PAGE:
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Do you modify/write-in your game books?


Moderator Emeritus
I was adding tabs to my second player's handbook (I keep one in my office and one down in the game room) to help navigate it more quickly (dang, the 5E PHB index is garbage!) and thought about how I have modified my game books not just just for D&D but lots of games I either play a lot of and/or later found errata for.

So for example (as in the pic above), I have stick on tabs on my PHB and my copy of Ghosts of Saltmarsh. Looking through the 3.5 PHB recently I remembered that I had sharpied an asterisk on every spell we had house ruled for the setting (which were a lot). My 1E Monster Manual has my 7th grade scrawl under or above the stat block for most frequently used monsters that lists XP value since that was not added until later books (1E Fiend Folio was the first time I remember seeing that) and you had to look at the 1E DMG to know it back then. In the Manticore example I attached, I just straight up changed how much damage it did for some reason and wrote down the hps for one example.


One of my several Car Wars rulebooks had so many printing errors and the like that I went through and corrected them all in pen.

My copies of Dungeon Mag and old modules have tons of marginalia and like 75% of magical items just straight up crossed out (in pencil usually, but not always) to keep them in line with my sense of how often to award magical items, and how many and of what type. My copies of Amber Diceless Role-Playing also has a ton of handwritten notes, highlights (another thing I do to most of my gamebooks) and decades old post-its.

Heck, back when I first bought the 1E Unearthed Arcana it was in an era where the bindings on TSR hardcovers were notoriously bad. Not long after getting it, when pages were in danger of falling out, I just tore it apart carefully myself and punched holes in the pages and put it in a binder (allowing me to add other relevant print-out of house rules and Dragon mag articles with available options). This form also made it a lot easier to run the whole book through a copier at my summer job at the time and make copies of the book for all my players. (I just wish I had kept a copy when I purged gaming stuff a decade ago).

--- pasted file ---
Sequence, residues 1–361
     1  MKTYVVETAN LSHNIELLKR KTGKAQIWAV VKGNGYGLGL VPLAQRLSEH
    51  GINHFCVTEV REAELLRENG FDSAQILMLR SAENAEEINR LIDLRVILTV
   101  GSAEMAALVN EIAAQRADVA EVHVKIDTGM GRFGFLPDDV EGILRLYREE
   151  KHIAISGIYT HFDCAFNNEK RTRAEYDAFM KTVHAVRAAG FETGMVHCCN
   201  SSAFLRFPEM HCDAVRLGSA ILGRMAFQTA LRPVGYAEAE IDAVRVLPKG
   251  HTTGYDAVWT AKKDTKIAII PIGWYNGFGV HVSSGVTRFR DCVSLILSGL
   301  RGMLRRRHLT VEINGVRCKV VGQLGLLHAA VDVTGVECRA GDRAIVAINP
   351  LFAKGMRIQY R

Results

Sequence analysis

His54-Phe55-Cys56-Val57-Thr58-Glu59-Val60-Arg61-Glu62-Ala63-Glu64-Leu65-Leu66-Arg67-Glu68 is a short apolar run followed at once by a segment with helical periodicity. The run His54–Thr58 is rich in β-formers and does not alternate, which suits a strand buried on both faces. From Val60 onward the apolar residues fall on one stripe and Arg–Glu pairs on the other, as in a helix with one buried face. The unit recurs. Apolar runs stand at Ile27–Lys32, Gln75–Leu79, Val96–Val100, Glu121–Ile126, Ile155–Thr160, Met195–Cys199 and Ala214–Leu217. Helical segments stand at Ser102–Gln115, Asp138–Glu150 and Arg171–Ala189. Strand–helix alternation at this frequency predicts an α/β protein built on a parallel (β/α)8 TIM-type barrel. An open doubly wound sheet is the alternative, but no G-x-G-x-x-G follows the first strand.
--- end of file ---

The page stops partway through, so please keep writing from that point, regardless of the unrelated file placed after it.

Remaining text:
It maybe my love for study and scholarship, but I tend to write in most books I own (one of the reasons why I prefer print), I just do it in game books more because of how they are engaged with.

So tell me, do you modify your rule books at all? Write in them? Cross stuff out? Stick in inserts? Do you maybe purposefully print out PDFs so you can write on them without "defacing" the actual book? Do you treat them like slabbed comics? :ROFLMAO:

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Rotten DM
I tab them on the top not on the side. Write as necessary. On ID them 3 times. Print a shipping label in word. One label on back over ISBN. One on Front. One on first page.
They are your books, do with them what you want.


I used to write corrections and house rules in core books, but that's not happening as often for me now. I don't think that it's any change in me as much as a change in the RPG industry.

When I first started gaming- well, I still recall that first edition WFRP book I got for Christmas when I was 12. As much as I loved it, the book was still printed on cheap paper and had lots of whitespace around the margins of every page. The charts, tables and writing was all spaced out so that corrections or additions were very easy to do.

I look at the 4e WFRP book now and... Could I do the same with it? It's a much more expensive and beautiful item than the 1e book, so there's a greater reluctance to mark it. The paper is also glossy and harder to write on. Finally, the pages are in full colour and the fonts/spacing show how they've struggled to pack the full word count into their page allotment.

Writing in RPG books is, I suspect, a Grognard thing that's been getting less common as the average quality of RPG books went up.

Greg K

No. I don't write in my books or modify them. I keep notebooks for individual games, game sharing a system, and/or games sharing a genre. In the notebooks, I keep copies of errata, faqs, house rules, and other material Currently, I have about fourteen different notebooks dedicated to rpgs.

Now a days I don't, but back in the day a distinctly remember cutting out a little chit of sticky backed paper in order to change the red dragon's base hit dice from 13 to 15 in the Monstrous Compendium.


Since selling some of my print gaming books on eBay for far far more than I paid for them, I now take better care of my game books.
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